Sophie has the great misfortune of being the eldest of three daughters, destined to fail miserably should she ever leave home to seek her fate. But when she unwittingly attracts the ire of the Witch of the Waste, Sophie finds herself under a horrid spell that transforms her into an old lady. Her only chance at breaking it lies in the ever-moving castle in the hills: the Wizard Howl’s castle. To untangle the enchantment, Sophie must handle the heartless Howl, strike a bargain with a fire demon, and meet the Witch of the Waste head-on. Along the way, she discovers that there’s far more to Howl—and herself—than first meets the eye.
I’ve heard of this book (and Diana Wynne Jones) before but I’d never read any of her work. Jones was on Mt. TBR but I pushed Howl’s Moving Castle up because it was picked to be a book club group read.
I really loved this book. It’s a quite the page turner. I loved it so much that I purchased a copy asap (the copy I originally read is a library loan).
Howl’s Moving Castle was one of those reads where I didn’t take any notes and I didn’t have any concerns – I just got pissy when I had to stop reading. 😀
Howl’s Moving Castle starts with an introduction to the main character: Sophie. Sophie is so convinced that she will never amount to anything (being the eldest of three sisters) that nothing can change her mind. This idea of worthlessness was so strong that Sophie could not see her own abilities and strengths. While the reader is easily able to see how great Sophie is, Sophie doesn’t realize her worth til the end of the book. I feel that Sophie is a great character! So many people – old and young alike – believe that they are less than just like Sophie, making her a very easy character to relate to. I loved being in Sophie’s head.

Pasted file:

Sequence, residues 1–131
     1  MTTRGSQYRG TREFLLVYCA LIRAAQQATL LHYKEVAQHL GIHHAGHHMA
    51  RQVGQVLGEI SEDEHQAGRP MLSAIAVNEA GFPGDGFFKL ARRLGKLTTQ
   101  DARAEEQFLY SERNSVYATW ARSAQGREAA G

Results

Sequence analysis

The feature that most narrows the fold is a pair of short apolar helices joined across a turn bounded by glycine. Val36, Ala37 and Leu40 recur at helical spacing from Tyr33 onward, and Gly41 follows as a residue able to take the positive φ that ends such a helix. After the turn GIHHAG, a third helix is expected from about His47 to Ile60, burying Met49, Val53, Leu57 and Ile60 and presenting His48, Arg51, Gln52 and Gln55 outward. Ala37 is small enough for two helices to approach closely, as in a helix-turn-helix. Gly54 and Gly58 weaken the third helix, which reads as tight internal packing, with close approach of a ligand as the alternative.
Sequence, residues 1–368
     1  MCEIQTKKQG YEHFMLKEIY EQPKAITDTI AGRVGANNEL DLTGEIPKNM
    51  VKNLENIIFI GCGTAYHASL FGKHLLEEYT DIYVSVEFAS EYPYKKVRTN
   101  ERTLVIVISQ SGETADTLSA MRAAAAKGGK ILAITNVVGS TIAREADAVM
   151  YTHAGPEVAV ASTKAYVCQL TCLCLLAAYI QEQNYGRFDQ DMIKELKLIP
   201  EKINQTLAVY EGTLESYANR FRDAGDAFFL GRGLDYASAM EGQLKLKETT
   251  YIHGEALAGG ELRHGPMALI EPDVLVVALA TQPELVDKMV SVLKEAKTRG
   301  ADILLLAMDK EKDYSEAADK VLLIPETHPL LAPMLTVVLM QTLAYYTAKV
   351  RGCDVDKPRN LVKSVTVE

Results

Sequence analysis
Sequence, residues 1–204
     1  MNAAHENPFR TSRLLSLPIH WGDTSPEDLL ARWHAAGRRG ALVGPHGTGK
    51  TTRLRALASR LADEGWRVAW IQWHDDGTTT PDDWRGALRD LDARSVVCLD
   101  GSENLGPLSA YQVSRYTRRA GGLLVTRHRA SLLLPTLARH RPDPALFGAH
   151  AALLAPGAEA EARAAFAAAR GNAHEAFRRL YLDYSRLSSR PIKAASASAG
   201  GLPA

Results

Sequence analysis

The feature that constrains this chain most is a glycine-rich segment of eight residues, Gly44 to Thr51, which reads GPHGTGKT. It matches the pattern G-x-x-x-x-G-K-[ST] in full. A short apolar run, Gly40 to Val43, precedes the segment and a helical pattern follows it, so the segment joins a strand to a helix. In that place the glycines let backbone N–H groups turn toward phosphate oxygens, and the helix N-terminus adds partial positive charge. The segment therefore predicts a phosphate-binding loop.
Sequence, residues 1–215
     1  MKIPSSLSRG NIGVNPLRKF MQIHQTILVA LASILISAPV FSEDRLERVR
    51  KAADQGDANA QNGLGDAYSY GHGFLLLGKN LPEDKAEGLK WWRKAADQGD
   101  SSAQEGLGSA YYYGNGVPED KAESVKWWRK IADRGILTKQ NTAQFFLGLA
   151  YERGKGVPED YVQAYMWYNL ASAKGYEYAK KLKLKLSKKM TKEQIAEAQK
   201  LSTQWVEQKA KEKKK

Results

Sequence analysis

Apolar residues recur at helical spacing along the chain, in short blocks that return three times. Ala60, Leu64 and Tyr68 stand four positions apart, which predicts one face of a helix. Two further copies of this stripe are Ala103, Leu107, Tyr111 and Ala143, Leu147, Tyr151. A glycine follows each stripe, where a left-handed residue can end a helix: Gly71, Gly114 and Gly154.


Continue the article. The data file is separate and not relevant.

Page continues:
Howl’s Moving Castle is also about judgement and first impressions: Sophie judges herself as less than her siblings; she judges Howl based on rumors and she even judges her stepmother with very little reason. In each of these situations (and many others) Sophie is wrong because she based her impressions on snap judgements and rumors. Sophie underestimated…everyone (
including especially herself).
This book seems so light but there are some lessons inside. What makes this book wonderful is the pure joy that almost leaps off the page. Jones must have had a wonderful time writing this book: it feels (to me) the same way it sounds when someone is smiling on the phone: you can’t see it but somehow you know it’s there.
There is very little I can complain about in this book – it’s so close to five stars that…I think I might just round it up from 4.5 to 5 stars. The only concerns I had was the ending: some of the things that happened were unexpected and a little abrupt. Other than that, it was a wonderful ride and I’m now sick that I haven’t read this sooner. I also see a gift for my mom… 😀